Ronald W. Estabrook, 87, professor emeritus of biochemistry at the University of Texas Southwestern Medical Center, who was world renowned for his knowledge of enzymatic reactions related to toxicology and steroid hormone biosynthesis, died on Aug. 5, 2013, of congestive heart failure.
Born in Albany, N.Y., Estabrook served in the Navy in the Pacific.
Later, he obtained a B.S. in biology from Rensselaer Polytechnic Institute in 1950 and a Ph.D. in biochemistry at the University of Rochester in 1954. He conducted postgraduate research at the University of Pennsylvania and the University of Cambridge.
He was recruited to join UT Southwestern in 1968 as its Virginia Lazenby O’Hara Chair in Biochemistry. At that time, Estabrook had already conducted breakthrough research on the hemoprotein molecule known as cytochrome P450. His work over the years on the biological functions of cytochrome P450 significantly furthered scientific understanding of how the body metabolizes drugs, pollutants, and environmental chemicals, including carcinogens.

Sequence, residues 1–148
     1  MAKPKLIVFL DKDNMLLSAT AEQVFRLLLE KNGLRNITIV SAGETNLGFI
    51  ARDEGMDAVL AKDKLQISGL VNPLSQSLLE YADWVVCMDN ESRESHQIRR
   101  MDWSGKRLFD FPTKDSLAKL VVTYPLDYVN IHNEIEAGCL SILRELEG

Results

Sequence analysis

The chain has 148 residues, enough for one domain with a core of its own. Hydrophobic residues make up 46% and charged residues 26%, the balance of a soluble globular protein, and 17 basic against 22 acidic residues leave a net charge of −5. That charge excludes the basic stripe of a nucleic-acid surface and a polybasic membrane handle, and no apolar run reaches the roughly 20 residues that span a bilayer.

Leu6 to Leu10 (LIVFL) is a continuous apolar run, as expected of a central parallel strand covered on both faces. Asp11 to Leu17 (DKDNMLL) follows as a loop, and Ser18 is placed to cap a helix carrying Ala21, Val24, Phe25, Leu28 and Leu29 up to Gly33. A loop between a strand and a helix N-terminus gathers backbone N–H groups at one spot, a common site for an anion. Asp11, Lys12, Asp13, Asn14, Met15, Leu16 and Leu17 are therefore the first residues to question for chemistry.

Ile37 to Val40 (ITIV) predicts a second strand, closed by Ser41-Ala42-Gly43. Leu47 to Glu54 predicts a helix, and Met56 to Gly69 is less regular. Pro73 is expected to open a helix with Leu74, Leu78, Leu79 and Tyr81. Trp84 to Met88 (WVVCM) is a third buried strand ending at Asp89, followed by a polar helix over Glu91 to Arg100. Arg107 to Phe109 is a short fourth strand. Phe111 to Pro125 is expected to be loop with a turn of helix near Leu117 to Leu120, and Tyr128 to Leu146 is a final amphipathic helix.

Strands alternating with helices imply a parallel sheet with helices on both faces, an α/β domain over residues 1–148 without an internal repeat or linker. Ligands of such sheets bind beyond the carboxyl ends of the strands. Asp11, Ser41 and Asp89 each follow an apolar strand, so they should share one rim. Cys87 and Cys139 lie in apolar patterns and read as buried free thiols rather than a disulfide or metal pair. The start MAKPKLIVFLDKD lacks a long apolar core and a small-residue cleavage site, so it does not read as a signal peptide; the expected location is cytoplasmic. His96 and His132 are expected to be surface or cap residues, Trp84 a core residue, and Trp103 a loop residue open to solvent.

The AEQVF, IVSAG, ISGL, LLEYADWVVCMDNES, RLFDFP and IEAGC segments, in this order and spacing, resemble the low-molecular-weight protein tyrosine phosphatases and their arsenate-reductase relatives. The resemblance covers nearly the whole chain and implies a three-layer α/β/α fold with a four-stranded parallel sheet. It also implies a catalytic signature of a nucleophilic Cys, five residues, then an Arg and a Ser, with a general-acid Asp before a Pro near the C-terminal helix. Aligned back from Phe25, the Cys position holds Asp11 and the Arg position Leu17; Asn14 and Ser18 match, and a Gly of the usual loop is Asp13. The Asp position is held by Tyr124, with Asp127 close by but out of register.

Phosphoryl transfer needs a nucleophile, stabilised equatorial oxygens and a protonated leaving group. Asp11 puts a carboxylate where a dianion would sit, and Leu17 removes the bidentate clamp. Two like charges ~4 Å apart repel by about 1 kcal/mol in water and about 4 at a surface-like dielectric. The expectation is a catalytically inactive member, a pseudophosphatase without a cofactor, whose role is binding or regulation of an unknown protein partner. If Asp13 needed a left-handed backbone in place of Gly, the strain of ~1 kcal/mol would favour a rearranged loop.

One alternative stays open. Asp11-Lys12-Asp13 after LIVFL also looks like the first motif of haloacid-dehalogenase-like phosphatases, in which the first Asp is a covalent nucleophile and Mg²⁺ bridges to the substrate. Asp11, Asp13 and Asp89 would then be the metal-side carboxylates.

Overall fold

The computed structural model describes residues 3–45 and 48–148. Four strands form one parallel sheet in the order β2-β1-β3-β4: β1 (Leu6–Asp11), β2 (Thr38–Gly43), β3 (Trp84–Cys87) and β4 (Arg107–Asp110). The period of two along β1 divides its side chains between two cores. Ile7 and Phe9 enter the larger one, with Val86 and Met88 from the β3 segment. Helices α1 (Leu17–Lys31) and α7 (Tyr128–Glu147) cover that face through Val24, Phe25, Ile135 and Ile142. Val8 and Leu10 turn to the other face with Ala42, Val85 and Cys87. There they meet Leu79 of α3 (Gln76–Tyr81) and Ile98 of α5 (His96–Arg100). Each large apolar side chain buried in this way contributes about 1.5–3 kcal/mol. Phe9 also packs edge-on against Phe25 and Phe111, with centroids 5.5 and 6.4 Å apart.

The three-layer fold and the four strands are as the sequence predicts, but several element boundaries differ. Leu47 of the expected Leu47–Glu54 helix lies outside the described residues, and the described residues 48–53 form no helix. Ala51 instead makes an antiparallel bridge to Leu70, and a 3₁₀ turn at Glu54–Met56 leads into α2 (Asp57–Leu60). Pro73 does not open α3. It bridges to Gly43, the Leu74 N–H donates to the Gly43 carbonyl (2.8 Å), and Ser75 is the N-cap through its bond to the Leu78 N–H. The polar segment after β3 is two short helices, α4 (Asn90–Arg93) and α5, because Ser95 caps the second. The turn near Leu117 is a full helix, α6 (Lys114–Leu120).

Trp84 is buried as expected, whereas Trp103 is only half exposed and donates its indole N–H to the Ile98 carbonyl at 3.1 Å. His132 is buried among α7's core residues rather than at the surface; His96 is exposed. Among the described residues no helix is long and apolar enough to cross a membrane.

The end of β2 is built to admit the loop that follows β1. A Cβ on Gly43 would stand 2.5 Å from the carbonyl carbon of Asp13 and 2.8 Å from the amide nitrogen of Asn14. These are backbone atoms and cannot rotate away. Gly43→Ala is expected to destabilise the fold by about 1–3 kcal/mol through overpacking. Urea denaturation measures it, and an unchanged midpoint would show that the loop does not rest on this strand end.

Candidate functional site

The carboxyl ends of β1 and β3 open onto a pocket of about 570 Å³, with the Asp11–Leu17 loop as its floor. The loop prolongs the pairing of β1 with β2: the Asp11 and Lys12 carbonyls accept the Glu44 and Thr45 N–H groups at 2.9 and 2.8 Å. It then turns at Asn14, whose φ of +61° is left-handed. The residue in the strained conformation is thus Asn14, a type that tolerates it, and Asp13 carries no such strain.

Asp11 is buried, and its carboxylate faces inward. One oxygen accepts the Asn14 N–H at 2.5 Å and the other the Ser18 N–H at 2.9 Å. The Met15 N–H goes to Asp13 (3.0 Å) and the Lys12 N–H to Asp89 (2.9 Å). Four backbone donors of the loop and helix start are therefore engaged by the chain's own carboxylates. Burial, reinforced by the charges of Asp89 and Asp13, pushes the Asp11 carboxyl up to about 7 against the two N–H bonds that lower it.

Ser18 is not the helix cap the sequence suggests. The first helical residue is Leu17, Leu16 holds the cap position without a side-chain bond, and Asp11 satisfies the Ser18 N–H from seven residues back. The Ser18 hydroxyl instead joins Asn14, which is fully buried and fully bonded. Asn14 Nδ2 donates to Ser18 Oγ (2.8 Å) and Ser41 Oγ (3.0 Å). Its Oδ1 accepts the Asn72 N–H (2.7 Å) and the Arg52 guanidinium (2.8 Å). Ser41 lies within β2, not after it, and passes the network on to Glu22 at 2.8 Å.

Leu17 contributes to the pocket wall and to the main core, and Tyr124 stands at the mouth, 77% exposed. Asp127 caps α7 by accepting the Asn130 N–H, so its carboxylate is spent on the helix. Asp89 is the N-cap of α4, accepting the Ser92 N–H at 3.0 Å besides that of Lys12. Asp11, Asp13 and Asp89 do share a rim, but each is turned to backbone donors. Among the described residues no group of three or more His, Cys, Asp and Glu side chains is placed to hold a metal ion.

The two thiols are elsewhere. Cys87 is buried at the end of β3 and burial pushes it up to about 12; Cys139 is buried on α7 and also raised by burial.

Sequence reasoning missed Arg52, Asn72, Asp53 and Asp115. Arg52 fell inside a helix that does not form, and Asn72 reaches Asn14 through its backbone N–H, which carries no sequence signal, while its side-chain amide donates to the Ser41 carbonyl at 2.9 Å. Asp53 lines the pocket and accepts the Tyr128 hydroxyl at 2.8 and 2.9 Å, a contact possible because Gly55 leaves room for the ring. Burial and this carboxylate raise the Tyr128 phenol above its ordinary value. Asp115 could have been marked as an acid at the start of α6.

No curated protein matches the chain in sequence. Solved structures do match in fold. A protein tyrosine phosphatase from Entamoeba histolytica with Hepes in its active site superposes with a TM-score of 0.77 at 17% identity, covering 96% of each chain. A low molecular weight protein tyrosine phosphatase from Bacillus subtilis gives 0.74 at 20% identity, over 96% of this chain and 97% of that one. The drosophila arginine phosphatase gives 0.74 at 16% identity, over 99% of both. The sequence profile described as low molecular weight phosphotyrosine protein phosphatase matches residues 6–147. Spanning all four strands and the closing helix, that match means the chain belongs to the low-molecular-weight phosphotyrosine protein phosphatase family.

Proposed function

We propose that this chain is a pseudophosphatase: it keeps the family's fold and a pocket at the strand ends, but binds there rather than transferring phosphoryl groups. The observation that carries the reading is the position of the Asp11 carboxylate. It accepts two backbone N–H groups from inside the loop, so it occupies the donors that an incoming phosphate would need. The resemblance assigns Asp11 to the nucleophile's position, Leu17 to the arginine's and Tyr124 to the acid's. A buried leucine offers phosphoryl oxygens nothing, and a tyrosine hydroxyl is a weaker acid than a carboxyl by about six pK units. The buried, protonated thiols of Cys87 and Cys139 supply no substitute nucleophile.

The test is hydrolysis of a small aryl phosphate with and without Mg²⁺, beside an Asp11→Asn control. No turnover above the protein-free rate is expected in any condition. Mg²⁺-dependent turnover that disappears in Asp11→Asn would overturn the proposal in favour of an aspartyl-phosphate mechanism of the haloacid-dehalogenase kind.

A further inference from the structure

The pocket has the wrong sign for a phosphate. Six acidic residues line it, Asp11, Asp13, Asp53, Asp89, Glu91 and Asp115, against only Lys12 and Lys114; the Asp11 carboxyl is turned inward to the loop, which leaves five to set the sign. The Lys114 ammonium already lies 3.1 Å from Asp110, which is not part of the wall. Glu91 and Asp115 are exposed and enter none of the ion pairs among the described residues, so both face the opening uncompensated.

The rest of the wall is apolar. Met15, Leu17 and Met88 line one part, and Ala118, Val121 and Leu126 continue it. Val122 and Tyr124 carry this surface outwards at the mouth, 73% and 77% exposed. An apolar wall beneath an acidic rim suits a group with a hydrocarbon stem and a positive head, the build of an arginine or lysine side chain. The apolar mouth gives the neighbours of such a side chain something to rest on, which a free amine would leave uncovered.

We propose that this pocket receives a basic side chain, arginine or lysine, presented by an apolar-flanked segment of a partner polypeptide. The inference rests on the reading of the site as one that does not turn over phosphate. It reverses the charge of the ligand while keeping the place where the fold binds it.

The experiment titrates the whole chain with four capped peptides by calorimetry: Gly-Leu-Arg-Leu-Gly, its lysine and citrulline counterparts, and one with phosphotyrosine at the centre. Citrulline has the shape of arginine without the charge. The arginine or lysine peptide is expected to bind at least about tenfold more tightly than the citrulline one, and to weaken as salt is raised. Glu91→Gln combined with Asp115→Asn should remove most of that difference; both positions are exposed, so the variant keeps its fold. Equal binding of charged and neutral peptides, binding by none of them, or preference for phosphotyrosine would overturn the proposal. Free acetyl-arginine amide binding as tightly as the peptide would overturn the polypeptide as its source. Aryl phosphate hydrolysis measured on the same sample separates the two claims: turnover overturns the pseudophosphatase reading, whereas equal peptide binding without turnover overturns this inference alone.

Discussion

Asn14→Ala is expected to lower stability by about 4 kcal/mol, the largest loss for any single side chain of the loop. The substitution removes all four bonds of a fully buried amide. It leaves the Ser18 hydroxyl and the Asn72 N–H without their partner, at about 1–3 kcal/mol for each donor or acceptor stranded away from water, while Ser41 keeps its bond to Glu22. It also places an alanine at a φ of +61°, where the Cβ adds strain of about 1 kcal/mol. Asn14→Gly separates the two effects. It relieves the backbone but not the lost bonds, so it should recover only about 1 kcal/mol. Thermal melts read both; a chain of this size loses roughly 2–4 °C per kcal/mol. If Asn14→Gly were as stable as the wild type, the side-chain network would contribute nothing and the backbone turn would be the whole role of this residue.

Estabrook served as the first dean of the UT Southwestern Graduate School of Biomedical Sciences. He was named Ashbel Smith Professor Emeritus upon his retirement in 2006. Two years later, UT Southwestern named one of its six colleges in his honor.
He was elected to the Institute of Medicine in 1975 and the National Academy of Sciences in 1979. Estabrook was a member of ACS from 1976 until 2008.
He received numerous awards, including the Doherty Award from ACS’s Dallas-Fort Worth Section and the Southwest Regional ACS Award.
Survivors include his wife, June; three daughters, Linda Gilbert, Laura Verinder, and Jill Wisehart; a son, David; seven grandchildren; and five great-grandchildren.